Bow 2 Work the 7 ch. row of zig-zag 
pattern, then the following row of same; 
then work a row of shell pattern to match 
cuff, and two. rows of d.c. across back of 
bonnet, pulling into a straight line whilst 
working the d.e. 

Bootee. 

Make 38 ch. with the fine needle, turn, 
and work 1 d.c. into 2nd ch. from hook and 
1 d.c. into each st. to end. Now work the 
four rows of zig-zag pattern, then one row 
of d.c. Now make the foundation row as 
for bonnet, working seven loops across. 
Work the two pattern rows five times for a 
long bootee or four times for a shorter oiu>. 
In the next row work 36 d.c. 

Bibbon holes 1 h.t. into first st., * miss 
1 d.c., 1 ch., 1 h.t. into next st. 



Eepeat from * to end of row. There will 
be 18 spaces. 

Instep. 

Join wool at -7th h.t. (that is, leave six 
spaces). Work row 4 of zig-zag pattern 
across, leaving six spaces unworked at 
other side, turn and work until you have 
completed two rows of insertion, finishing 
with a row of d.c. Break off wool. Join 
again at beginning of row and work 1 d.c. 
into next st., 2 d.c. into each space, 11 d.c. 
down side of instep flap, 12 sts. across toe, 
11 down other side, and 13 along the ankle. 
(60 d.c.). 




Work rows 4, 5 and 2 of the zig-zag pat 
tern, then two rows of d.e. Shape as 
follows: 

Bow 1 24 d.c. over 24 d.c., miss next 
d.c., 10 d.c. over 10 d.c., miss next d.c., 24 
d.c. 

Bow 2 24 d.c. over 24 d.c., miss next 
d.c., 8 d.c., miss next d.c., 24 d.c. 

Bow 3 24 d.c. over 24 d.c., miss next 
d.c., 6 d.c., miss next d.c., 24 d.c. 

Work two more rows, decreasing 1 st.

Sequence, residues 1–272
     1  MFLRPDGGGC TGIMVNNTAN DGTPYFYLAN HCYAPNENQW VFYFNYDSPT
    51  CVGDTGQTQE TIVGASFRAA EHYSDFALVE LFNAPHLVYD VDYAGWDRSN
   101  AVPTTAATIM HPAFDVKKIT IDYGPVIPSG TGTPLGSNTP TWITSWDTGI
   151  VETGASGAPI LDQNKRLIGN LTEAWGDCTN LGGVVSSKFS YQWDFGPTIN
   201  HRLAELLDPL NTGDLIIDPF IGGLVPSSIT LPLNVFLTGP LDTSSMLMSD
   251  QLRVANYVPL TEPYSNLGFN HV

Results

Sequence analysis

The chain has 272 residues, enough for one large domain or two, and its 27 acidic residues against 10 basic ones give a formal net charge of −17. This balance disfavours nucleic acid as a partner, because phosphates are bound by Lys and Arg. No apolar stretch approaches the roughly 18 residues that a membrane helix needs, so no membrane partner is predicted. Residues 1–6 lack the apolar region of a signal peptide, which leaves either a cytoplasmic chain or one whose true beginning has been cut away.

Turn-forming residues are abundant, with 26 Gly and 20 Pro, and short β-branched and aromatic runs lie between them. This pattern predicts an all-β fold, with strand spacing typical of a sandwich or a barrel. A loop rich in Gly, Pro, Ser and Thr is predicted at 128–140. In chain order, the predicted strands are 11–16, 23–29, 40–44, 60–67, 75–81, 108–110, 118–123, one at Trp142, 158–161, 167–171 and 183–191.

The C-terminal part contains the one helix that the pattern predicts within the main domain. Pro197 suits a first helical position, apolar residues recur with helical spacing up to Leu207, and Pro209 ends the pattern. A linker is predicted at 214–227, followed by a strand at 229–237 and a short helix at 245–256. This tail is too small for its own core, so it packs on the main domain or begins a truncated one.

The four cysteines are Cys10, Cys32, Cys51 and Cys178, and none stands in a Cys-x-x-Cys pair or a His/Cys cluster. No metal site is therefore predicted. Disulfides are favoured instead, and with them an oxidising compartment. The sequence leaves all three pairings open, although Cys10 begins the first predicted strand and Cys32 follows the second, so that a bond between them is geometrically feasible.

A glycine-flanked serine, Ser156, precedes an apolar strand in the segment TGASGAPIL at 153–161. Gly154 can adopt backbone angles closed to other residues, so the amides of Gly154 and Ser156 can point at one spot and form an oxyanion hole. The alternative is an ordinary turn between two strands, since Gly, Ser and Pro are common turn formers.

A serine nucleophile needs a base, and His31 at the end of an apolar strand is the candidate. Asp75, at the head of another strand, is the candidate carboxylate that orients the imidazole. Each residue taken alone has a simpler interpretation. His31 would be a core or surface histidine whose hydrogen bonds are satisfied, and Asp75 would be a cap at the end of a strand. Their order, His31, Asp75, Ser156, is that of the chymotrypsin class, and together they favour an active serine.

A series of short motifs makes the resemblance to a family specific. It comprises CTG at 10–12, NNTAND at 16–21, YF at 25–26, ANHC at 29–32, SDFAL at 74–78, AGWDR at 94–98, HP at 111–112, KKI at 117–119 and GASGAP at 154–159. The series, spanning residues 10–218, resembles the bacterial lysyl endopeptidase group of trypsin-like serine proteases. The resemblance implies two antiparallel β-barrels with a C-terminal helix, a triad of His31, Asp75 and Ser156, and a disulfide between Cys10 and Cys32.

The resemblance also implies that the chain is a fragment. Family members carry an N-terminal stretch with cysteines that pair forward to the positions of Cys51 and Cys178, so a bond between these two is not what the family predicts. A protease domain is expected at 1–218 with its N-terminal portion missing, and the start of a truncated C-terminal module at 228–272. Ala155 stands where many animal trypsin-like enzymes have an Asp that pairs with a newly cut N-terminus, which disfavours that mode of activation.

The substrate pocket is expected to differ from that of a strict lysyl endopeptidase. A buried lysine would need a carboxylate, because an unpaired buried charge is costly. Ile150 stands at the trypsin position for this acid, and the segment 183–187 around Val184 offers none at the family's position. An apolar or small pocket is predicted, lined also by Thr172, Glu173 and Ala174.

each end of row and at the same place at 
toe. Break off wool. Make another the 
same. 

To Finish. 

Sew up the seam of bootee. Embroider 
tiny roses on bootees, yoke and front of 
bonnet. Make two flowers as crown of 
bonnet (one row of petals only), and thread 
bebe ribbon through the zig-zag sts. of 
bonnet across front. Sew a flower each 
side of bonnet, making a small satin centre 
whilst attaching streamers. Thread bebe 
ribbon through slots of bootee, also at neck 
and waist of coat. 



Bread Hints. 

To Make Good Yeast: Put 1 teaspoonful 
hops into a 2-pint saucepan and three-parts 
fill with hot water. Boil for a few minutes, 
then strain and add 3 tablespoonsful of 
sugar. When cool, add 3 tablespoonsful of 
plain flour, and bottle. Leave till worked 
for 6 or 8 hours less if in a hurry for 
your bread. 

To Make the Bread Sponge: Sieve 4 
or 5 sievesful of flour into a basin. Take 
out 3 or 4 big handsful and put into a smaller 
bowl. If cold weather, warm the flour in 
the small bowl and then make a hole in 
the centre of flour and pour in the bottle of 
yeast. Have ready a jug of warm water, 
with potato water added. Strain water 
from potatoes one has for dinner; it does 
nicely. Add enough of the warm water 
with the yeast to make it soft and spongy 
when mixing flour and yeast together for 
the bread sponge. Sprinkle top with a 
little flour, cover up and keep warm until 
it works well; i.e., make yeast at 2 



o clock in the afternoon. Make sponge at 
8 at night and in the morning warm the 
flour in the bigger dish. 

The Bread: After warming the flour, 
make a hole in the centre, same as for thu 
sponge. Have ready about 2 pints of warm 
water, with a handful of salt added. 

Put sponge into the flour, then water, 
and mix up gradually until it does not 
stick to the hands, take $ hour or more 
to knead it well. Leave to rise well, 
almost ready to run over the dish; cut off